The Matriarchs Of The Luxury Handbag World
Where the ‘It’ bag has been declared dead by some, each of these designs has stood the test of time – I respect that and was intrigued to find out more.
Hang on… before you scroll up to double check… yes, you’re on Carryology, but we like to give credit where credit’s due. The design of the Hermès Birkin dates back as far as 1892, with the Louis Vuitton Speedy designed in 1933 and the Chanel 2.55 launched in February 1955.
(Conversely, we really dislike the pretentious wank around luxury products but that’s another post for another day – or perhaps another blog).
I admit the knowledge of the price tag alone on each of these bags was a challenge to get past. I don’t envisage ever owning a luxury handbag but at least now I can better appreciate the enduring fascination around these styles.
On first glance the Louis Vuitton Speedy is a basic-looking handbag – rounded in shape, minimal internal pocketing, twin grab handles and leather trim. However, the real beauty is in the craftsmanship of these handbags. Aside from the quietly elegant silhouette, the coated canvas used is both lightweight and durable, the seams are hand sewn and each features cowhide leather trim and brass hardware.
The bag’s longevity must certainly be due in part to the use of the Monogram. Incorporating the LV symbol, flowers and quatrefoils, the iconic design borrows from the Victorian era trend of using Oriental-inspired graphics.
The first Speedy 30 was released in 1933. It’s available in a number of sizes from 25-40 with the number referring to the bag’s length, as well as in a number of designs with the Monogram and Damier Canvas being the most well known.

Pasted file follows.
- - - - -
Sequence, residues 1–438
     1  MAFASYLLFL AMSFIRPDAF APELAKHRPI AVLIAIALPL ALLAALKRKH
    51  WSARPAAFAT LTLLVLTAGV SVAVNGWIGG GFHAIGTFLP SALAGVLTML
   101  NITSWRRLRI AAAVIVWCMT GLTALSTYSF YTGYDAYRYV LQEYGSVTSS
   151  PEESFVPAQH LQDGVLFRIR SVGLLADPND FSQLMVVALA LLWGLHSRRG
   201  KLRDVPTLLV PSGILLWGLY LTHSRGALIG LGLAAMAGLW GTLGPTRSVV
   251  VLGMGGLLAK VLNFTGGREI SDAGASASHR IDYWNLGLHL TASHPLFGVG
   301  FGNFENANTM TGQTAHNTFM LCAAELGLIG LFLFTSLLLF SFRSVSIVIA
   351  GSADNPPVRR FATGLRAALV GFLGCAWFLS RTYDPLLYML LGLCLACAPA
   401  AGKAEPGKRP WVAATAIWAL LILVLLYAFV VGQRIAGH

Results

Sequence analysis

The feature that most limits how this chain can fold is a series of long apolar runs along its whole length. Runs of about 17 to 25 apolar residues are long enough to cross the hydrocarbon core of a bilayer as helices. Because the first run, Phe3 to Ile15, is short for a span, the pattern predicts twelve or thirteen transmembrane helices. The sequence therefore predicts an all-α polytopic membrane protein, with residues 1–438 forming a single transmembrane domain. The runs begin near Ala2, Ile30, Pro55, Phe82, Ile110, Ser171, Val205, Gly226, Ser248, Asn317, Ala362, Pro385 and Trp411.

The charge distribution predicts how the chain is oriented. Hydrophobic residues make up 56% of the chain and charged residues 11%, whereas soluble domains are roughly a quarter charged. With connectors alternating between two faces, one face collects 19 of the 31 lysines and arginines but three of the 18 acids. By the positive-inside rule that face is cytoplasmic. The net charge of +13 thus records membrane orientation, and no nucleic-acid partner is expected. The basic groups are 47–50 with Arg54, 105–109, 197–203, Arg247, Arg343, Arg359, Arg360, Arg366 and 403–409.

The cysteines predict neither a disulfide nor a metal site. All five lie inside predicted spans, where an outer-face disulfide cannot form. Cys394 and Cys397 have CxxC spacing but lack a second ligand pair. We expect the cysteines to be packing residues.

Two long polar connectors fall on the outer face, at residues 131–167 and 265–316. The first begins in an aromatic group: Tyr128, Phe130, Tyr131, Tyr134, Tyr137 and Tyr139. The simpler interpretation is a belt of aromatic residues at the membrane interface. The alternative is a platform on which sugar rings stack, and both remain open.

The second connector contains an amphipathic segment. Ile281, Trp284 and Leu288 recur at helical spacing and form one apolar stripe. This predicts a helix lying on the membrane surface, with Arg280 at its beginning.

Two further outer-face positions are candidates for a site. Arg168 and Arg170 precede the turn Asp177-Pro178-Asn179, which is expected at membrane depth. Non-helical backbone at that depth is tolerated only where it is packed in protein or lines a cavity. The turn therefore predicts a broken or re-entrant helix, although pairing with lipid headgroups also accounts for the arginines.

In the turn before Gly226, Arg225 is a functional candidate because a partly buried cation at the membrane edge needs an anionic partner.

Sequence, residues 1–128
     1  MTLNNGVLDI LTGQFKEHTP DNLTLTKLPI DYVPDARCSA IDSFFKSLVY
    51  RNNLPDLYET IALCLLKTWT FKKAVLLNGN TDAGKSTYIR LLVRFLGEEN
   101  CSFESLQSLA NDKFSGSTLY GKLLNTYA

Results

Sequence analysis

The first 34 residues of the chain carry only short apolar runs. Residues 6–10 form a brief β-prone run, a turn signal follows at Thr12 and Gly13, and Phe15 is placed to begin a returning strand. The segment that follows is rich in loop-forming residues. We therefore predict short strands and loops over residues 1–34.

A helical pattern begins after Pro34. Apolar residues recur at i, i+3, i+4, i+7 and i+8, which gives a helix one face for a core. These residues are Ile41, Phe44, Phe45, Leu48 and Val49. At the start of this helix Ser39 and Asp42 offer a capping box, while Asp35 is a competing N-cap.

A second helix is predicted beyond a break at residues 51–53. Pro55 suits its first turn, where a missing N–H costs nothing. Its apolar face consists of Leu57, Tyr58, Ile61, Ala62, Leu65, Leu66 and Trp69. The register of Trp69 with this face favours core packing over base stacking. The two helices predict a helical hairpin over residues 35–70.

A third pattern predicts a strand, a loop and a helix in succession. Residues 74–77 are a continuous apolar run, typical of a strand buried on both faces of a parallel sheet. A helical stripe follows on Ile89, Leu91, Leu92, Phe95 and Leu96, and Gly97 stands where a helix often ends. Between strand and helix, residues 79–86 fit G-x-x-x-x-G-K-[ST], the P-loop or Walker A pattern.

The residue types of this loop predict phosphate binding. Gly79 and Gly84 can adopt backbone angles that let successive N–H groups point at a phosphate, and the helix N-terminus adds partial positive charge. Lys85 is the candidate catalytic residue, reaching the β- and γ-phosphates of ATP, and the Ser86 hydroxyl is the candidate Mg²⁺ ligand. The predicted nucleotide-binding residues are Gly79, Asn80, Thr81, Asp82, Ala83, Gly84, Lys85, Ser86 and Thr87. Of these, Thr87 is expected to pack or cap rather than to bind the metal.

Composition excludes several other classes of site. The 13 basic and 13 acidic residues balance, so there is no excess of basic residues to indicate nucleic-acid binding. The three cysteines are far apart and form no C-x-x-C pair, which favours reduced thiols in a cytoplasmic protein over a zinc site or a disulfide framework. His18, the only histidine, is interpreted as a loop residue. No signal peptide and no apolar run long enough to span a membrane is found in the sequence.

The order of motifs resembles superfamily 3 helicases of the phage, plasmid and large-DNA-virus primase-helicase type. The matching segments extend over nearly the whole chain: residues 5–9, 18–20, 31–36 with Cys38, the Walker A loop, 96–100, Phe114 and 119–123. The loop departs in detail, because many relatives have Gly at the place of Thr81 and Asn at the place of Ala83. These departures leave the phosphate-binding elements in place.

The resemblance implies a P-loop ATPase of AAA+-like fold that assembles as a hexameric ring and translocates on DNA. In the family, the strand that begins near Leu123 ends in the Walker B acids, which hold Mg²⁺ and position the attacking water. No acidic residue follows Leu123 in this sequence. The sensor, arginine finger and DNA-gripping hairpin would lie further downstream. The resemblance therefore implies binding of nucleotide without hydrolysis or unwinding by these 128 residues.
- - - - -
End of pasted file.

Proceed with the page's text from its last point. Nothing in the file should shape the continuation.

Interestingly, the Damier Canvas pattern incorporates wording that translates into “L. Vuitton registered trademark.” Designed by Mr Vuitton himself to stop his creations being copied, the brand is today amongst the world’s most valuable but also the most counterfeited!
Maybe the most famous images of the Speedy are those of the 25’s debut in 1965 on Audrey Hepburn’s arm. She’d requested the smaller size for everyday use, and together with the 30 it is still the more sought after size.
The Louis Vuitton Speedy is kinda the anti-‘It’ bag – absolutely refined…low-key on first glance yet its notoriety ensures a place on any all-time list.
Chanel’s 2.55 bag is possibly the very first fashion shoulder bag. Having debuted first in 1929, it was refined further and released as the 2.55 in February 1955 (get it?!). A bag with a shoulder strap was quite the radical concept in fashion circles at the time.
It is believed Ms. Chanel took inspiration from larger satchel-type bags used by military personnel to create a practical alternative for women who no longer wanted to hand-carry their bags everywhere.
Rectangular in shape, with minimal internal pocketing, the bag’s key feature is the threaded chain and leather shoulder strap. The body of the bag is quilted lambskin or caviar leather, available in three different sizes with gold or silver plated hardware.
The bag is a material tribute of sorts to Coco’s early experiences. The burgundy coloured lining is the same shade as the convent uniform colour Coco wore as a girl. The diamond quilting pattern was inspired by a number of things: cushions Coco had in her Paris apartment, jockeys’ riding coats and stained glass windows of the Aubazine Abbey. The chain detail itself playfully borrows from the key chains used by caretakers of the Aubazine Convent where Chanel lived after losing both parents.